“A new trick?” he asked, still with that knowing grin.

“Just listen.” I began playing, taking one of my pieces and cutting its timing a bit. I liked the feel of a quicker beat, one that went a bit against the grain for a concert pianist. Once I finished, I paused and looked at him. “What do you think?”

He took a thoughtful gulp of his drink. “I think,” he started finally, “if you played like that tomorrow then we’d be chased out of town before you could finish.”

“It’s just a small change. It sounds more modern, don’t you think?” I protested.

“Our itinerary has classics, Daniel, not silly jives. People want to listen to a concert, not get up and dance around to it.”

I didn’t argue any further. He was right, after all; no one who would step into our concert hall tomorrow evening would want to hear anything that they haven’t already heard. That would be blasphemous, surely.

*          *          *

The next night, after our concert was a roaring success, after it moved the crowd in ways that were unimaginable, I went out alone to find a bar or something, somewhere to appreciate a bit of peace. The sky was alight with hues of pink and orange, even as the sun had ducked away. I wandered until it was nearly dark and I found a small bar hidden away in the middle of the street. Inside were men laughing and drinking and singing – working men who had just finished a long day. At the piano sat a stout, older man, with sleeves rolled up and a hat set askew, hammering away at the keys in a manner I didn’t think was possible.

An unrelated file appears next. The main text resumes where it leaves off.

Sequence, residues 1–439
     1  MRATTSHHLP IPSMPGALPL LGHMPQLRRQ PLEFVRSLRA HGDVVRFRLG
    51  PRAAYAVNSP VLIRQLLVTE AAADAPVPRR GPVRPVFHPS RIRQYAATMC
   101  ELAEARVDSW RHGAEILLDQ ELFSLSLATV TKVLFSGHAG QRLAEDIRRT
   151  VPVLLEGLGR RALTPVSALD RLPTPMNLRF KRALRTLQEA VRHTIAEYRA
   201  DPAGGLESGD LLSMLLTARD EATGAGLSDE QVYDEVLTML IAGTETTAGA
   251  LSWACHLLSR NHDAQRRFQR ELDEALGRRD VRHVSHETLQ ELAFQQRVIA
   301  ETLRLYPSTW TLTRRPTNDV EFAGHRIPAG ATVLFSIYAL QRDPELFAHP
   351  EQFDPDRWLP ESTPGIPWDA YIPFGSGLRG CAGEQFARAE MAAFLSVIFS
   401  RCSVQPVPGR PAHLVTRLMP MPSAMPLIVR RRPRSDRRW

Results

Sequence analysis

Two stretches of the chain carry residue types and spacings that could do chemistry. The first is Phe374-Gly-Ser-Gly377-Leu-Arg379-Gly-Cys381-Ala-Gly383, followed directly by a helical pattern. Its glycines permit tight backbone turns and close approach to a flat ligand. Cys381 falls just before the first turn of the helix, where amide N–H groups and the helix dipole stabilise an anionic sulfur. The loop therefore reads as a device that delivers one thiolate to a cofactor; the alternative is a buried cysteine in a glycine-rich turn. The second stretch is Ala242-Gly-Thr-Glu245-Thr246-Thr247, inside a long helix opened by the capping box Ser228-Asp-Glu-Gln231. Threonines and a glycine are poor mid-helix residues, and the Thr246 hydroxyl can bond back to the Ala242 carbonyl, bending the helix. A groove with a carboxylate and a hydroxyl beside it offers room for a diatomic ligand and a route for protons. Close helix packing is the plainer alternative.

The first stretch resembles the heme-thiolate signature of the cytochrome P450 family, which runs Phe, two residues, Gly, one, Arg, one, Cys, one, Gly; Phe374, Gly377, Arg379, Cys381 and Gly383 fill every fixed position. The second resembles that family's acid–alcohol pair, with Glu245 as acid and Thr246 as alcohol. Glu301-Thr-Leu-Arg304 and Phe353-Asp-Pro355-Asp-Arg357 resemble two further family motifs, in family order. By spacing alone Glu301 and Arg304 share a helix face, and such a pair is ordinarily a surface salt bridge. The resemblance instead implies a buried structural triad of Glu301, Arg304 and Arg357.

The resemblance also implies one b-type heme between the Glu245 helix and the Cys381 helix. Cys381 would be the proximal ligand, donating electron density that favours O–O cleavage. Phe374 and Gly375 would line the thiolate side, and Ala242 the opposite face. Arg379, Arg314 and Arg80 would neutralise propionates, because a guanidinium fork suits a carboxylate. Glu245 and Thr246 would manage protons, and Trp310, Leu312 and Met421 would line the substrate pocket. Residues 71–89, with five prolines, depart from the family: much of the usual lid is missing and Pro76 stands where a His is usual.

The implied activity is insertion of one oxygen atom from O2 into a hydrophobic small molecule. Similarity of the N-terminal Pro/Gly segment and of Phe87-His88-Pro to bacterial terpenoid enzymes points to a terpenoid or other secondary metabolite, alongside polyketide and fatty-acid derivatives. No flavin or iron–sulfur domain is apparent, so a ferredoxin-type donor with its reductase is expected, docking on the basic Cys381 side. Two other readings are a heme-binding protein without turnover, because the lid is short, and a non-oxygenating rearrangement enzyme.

I bought a drink and watched the bar pianist play away. He had so much energy, so much style. I couldn’t believe it sounded any better than the discordant smashing of keys, with the way his hands moved. He didn’t miss a beat, and as soon as he finished one song someone called for him to play another, and no matter what the request was, he was at it again, giving them what they wanted to hear. Even if it was the same song four times in a row.

After a while I made my way over to the piano, eventually leaning against it a bit. The pianist was taking a break, drinking a beer that someone had bought for him. He smiled and winked at me. “You’ve been real stuck in this piano,” he said with a low, gravelly voice. “You play yourself?”